Microvillus inclusion disease
Other Names for this Disease
- Congenital familial protracted diarrhea
- Congenital familial protracted diarrhea with enterocyte brush-border abnormalities
- Congenital microvillous atrophy
- Congenital microvillus atrophy
- Davidson disease
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Your QuestionI have a good friend who has a 15 year-old son. The boy suffers from microvillus inclusion disease. They live in Russia. Local doctors have told her that there is no treatment for that rare disease, but we suppose that Western medicine is more developed and there is a solution. How might this condition be treated?
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While different medications have been tried to control the severe diarrhea associated with this condition, none of them have proven effective. Children with microvillus inclusion disease are totally dependent on parenteral nutrition for nourishment. This, however, is not a long-term solution, as children who rely on this type of nutrition are at increased risk for malnutrition, dehydration, infections and liver complications. A more recent and long-term management option involves intestinal (small bowel) transplantation. Children with microvillus inclusion disease should be followed by experienced health care providers in a center which specializes in pediatric gastrointestinal disorders.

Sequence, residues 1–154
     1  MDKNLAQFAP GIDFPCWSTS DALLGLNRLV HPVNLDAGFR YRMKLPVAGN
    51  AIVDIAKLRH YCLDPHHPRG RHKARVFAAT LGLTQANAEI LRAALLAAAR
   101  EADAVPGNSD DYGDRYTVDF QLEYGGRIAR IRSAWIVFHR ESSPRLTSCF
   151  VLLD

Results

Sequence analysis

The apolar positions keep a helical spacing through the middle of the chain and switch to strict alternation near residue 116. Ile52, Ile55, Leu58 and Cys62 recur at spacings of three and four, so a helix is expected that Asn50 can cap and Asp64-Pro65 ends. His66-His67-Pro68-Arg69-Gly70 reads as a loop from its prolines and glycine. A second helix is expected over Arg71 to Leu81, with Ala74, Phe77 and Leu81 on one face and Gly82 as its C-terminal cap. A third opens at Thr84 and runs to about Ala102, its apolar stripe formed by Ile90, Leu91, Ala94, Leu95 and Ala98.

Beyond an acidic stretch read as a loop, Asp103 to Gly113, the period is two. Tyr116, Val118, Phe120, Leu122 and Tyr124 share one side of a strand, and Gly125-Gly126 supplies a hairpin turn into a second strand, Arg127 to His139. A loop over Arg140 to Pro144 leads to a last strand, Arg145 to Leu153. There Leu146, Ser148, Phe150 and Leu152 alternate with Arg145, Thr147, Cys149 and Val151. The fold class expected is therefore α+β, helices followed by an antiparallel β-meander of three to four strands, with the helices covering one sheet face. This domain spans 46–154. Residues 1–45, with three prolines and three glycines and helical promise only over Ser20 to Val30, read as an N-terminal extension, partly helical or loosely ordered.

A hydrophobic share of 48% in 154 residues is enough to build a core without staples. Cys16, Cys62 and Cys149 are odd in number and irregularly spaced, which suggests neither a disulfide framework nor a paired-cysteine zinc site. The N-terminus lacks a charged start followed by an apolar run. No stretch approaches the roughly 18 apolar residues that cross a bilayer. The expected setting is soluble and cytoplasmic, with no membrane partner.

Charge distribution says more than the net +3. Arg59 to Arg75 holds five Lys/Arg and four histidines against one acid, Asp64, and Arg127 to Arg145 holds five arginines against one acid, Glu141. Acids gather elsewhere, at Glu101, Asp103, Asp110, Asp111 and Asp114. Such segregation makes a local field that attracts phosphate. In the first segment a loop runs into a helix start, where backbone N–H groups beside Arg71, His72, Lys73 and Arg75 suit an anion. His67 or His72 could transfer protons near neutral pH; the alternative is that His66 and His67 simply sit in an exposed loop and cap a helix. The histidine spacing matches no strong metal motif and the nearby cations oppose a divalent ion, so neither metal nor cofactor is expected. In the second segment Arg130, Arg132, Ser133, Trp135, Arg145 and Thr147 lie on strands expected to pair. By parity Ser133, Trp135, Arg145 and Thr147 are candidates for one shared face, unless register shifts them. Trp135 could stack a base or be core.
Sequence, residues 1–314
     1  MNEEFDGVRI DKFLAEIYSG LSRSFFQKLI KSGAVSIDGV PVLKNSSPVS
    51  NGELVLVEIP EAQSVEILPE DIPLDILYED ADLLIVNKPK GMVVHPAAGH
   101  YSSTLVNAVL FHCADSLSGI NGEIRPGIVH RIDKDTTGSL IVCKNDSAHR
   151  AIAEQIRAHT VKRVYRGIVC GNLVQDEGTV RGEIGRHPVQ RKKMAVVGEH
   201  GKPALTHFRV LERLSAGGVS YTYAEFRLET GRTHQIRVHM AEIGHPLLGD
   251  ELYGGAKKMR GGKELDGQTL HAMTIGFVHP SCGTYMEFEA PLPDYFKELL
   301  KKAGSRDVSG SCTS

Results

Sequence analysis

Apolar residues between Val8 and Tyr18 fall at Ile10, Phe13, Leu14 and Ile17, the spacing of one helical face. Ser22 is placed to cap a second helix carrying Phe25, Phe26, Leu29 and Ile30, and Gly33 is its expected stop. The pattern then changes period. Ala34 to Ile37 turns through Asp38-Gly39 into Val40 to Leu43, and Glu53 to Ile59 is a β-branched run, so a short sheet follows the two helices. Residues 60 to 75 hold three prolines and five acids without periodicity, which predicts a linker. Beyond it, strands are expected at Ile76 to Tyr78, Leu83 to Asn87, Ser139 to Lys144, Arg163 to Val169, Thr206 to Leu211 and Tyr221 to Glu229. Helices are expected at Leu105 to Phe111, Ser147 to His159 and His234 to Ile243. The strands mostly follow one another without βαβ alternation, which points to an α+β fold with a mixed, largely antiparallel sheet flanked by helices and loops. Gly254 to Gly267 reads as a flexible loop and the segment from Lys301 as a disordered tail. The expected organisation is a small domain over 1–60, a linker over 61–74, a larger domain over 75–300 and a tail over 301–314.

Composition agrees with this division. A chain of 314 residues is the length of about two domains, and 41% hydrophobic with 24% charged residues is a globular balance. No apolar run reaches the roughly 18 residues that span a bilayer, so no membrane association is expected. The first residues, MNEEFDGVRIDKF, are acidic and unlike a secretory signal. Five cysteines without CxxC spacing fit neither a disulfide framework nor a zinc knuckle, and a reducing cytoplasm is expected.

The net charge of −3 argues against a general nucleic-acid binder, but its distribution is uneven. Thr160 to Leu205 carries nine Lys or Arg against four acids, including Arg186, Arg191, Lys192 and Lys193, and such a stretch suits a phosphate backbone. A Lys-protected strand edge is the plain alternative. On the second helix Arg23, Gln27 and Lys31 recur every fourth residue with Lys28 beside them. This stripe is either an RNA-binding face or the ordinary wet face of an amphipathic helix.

Last updated: 6/26/2012
- Microvillus Inclusion Disease. Children's Hospital of Pittsburgh. December 12, 2010; http://www.chp.edu/CHP/Microvillus. Accessed 10/5/2011.
- Ruemmele FM, Schmitz J, Goulet O. Microvillous inclusion disease. Orphanet. June 2006; http://www.orpha.net/consor/cgi-bin/Disease_Search.php?lng=EN&data_id=2157&Disease_Disease_Search_diseaseGroup=Microvillus-inclusion-disease&Disease_Disease_Search_diseaseType=Pat&Disease(s)/group%20of%20diseases=Microvillus-inclusion-disease&title=M. Accessed 10/5/2011.